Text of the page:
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“You can say it’s my job to fight [evil] but I don’t know what it is anymore. More than that, I don’t want to know. A man would have to put his soul at hazard. He would have to say, okay, I’ll be part of this world.”
So muses Sheriff Bell (Tommy Lee Jones) in the opening of No Country for Old Men. I saw the film a week ago and I still can’t stop thinking about it. It does little for me to say that it’s a good movie–anyone knows that by now–but it’s the type of film that divides people and provokes differing interpretations and I thought I’d share some of my thoughts. I’m not going to dance around spoilers here. If you haven’t seen it or don’t want anything spoiled, you might want to skip this post.
Clearly, the film is interested in the nature of evil and interesting to me is that the evil presented in the character of Anton Chigurh (Javier Bardem) isn’t insane, senseless, or random. It is disciplined, calculated, almost moral. Anton is nearly incapable of acting without purpose; if he kills someone it is, to him, necessary. And when his reasons aren’t clear to him, the device of the coin toss relieves him of having to make his own choice. He is only able to do the things he does because he has an inner set of guidelines that not only direct him but allow him to avoid responsibility for his actions and maintain a clear conscience. The scene near the end when he confronts Mrs. Moss is the only time in the film he shows anger, and it’s because she refuses to call the coin toss, refuses to let him place responsibility anywhere other than himself. And having broken his own moral code by killing her, what goes around finally begins to come around when he’s hit by the car.
What is so disturbing about this depiction of evil is that we often comfort ourselves by thinking that evil is dumb or random, when the truth is that evil knows exactly what it’s doing, evil thinks it is righteousness, and evil has been getting away with it for far longer than we’ve been around to figure it out. It’s scary to realize that we might not be the ones that are a step ahead. As Tommy Lee Jones’s character says, trying to understand the evil that’s out there will put your ‘soul at hazard’. Confronting evil, trying to get in its head and master it is dangerous and a man might not come out the winner, not in this life and perhaps not in the next.
This brings me to the hotly debated ending of the movie. Jones’s character, speaking to his wife, tells of a dream in which he and his father are riding horseback through the mountains at night “like in old times” and his father has lit a flame in a horn and rides off ahead of him into the darkness to ready a fire and wait for him. “And then I woke up,” says Jones’s character, and the film cuts to black, it’s over, and we’re the ones in the darkness. After a week of mulling over that ending, I still love it, I think it’s perfect, but I still wonder exactly what it means. Is it hopeful, or hopelessly bleak? I tend to think that somewhere out in all the dark of the world, my Father is preparing a fire and waiting for me gather myself out of the night and rest. The central question of the film is this, I think. Is that fire a dream from which we must all wake, or a prophecy in which we find hope? No matter which way you interpret that, it is a brilliant question to ponder as you leave a theater.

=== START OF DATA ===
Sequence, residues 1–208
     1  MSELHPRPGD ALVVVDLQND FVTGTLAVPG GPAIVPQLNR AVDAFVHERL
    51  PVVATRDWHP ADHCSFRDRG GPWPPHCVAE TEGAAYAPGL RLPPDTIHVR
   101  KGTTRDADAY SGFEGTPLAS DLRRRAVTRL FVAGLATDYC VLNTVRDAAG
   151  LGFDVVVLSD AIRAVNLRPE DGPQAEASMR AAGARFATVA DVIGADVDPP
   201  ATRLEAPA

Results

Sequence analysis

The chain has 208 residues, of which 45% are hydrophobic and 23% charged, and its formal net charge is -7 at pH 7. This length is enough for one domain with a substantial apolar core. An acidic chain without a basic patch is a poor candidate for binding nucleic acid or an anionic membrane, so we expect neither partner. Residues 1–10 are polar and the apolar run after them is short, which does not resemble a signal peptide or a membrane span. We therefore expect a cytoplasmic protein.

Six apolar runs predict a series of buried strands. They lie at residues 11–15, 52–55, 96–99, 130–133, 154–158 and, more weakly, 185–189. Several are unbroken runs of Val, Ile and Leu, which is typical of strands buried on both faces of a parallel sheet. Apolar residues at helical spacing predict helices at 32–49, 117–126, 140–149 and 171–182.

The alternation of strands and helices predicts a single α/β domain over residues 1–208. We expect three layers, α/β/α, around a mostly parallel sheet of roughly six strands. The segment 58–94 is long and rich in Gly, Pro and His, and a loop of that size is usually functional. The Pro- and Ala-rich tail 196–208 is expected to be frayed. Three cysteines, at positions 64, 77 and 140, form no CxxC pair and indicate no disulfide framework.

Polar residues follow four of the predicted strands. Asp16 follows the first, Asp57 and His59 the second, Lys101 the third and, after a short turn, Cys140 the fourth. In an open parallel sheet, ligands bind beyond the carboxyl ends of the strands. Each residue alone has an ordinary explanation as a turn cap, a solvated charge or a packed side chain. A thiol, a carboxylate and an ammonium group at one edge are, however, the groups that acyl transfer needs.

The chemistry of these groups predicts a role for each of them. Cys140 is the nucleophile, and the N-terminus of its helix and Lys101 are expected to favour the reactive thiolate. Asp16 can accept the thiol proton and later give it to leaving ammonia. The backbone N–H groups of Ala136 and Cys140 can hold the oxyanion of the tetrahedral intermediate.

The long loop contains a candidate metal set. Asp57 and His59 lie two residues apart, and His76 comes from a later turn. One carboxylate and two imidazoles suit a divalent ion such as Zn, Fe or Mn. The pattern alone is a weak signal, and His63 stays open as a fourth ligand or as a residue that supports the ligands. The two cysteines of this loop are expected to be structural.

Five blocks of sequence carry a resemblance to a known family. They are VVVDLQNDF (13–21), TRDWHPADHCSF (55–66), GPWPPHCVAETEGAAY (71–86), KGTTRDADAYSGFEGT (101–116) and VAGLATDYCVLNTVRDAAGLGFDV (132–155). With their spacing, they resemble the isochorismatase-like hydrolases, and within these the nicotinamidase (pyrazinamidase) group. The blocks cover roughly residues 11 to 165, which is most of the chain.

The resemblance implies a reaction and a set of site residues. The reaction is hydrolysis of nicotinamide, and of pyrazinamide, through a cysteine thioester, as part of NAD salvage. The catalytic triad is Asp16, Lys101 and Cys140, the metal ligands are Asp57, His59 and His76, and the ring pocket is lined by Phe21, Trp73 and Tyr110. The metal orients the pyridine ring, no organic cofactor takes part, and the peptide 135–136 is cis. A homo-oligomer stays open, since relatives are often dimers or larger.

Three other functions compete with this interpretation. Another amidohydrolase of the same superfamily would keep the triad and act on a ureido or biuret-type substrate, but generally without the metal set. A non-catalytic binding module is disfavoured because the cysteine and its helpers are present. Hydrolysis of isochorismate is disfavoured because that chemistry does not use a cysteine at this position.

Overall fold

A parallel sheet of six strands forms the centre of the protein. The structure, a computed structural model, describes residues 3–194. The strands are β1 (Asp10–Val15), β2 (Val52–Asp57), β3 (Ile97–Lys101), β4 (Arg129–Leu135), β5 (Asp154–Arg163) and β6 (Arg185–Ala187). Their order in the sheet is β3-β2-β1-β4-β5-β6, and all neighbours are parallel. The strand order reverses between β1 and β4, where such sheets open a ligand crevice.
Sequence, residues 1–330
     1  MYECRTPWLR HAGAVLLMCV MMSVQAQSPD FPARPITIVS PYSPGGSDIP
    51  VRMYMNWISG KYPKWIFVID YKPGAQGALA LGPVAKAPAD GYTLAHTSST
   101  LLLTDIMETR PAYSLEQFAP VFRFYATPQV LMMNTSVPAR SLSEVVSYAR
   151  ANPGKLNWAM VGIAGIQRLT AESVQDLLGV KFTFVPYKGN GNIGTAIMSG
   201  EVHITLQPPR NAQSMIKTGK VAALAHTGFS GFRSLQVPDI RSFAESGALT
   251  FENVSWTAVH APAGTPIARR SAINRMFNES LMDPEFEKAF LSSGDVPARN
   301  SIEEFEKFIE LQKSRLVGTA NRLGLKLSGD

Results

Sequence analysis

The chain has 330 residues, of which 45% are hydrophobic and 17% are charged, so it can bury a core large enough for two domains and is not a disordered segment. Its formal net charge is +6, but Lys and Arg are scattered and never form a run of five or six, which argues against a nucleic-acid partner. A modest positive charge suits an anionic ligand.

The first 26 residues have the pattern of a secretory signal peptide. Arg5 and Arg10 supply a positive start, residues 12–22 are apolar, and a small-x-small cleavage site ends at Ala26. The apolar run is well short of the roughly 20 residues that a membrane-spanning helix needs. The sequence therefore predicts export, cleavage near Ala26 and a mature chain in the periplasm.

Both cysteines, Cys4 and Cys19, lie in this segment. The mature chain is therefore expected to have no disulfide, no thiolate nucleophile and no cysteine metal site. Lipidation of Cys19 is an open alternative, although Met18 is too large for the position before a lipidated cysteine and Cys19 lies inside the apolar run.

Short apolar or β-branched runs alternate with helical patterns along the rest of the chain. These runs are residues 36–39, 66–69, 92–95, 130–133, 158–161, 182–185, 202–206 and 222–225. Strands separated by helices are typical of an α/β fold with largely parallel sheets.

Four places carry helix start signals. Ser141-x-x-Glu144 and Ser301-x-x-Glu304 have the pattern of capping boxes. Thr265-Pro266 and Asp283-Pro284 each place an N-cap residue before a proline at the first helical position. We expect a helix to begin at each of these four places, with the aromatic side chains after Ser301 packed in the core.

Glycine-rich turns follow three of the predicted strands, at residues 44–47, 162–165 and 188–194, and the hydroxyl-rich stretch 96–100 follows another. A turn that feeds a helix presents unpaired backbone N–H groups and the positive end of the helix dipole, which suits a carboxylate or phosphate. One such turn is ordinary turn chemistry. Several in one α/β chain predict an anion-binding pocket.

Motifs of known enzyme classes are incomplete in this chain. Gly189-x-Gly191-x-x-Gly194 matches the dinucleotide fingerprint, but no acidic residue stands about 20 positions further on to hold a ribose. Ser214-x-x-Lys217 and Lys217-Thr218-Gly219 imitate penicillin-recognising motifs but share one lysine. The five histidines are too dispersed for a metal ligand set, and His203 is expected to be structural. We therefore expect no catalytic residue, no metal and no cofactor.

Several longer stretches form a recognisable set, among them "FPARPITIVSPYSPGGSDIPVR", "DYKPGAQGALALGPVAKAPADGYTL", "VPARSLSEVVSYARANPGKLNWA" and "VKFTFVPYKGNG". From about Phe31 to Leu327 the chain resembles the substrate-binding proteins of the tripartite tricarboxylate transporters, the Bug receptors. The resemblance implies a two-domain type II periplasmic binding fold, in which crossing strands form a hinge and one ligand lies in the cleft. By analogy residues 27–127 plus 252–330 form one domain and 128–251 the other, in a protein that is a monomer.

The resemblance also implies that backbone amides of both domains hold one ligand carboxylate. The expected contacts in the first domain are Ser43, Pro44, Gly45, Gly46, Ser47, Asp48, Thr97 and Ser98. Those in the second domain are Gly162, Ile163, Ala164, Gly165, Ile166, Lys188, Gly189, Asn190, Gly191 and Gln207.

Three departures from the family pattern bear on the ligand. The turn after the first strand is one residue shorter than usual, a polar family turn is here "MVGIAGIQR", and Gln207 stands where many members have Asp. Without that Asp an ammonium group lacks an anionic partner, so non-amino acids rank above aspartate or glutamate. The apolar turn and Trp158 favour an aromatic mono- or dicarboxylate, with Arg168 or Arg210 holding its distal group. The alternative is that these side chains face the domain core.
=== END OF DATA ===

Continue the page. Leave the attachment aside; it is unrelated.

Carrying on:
I think for the first time in quite a few years, I actually care who wins the Best Picture Oscar. After finally having seen all the contenders, I think only No Country for Old Men and Michael Clayton are left in the ring and of those two, No Country for Old Men is the one that is a movie for the ages. Film students will still be studying this one when we’re all old men.
I’d love to read some other peoples’ thoughts.
Pete Peterson is the author of the Revolutionary War adventure The Fiddler’s Gun and its sequel Fiddler’s Green. Among the many strange things he’s been in life are the following: U.S Marine air traffic controller, television editor, art teacher and boatwright at the Florida Sheriffs Boys Ranch, and progenitor of the mysterious Budge-Nuzzard. He lives in Nashville with his wife, Jennifer, where he's the Executive Director of the Rabbit Room and Managing Editor of Rabbit Room Press.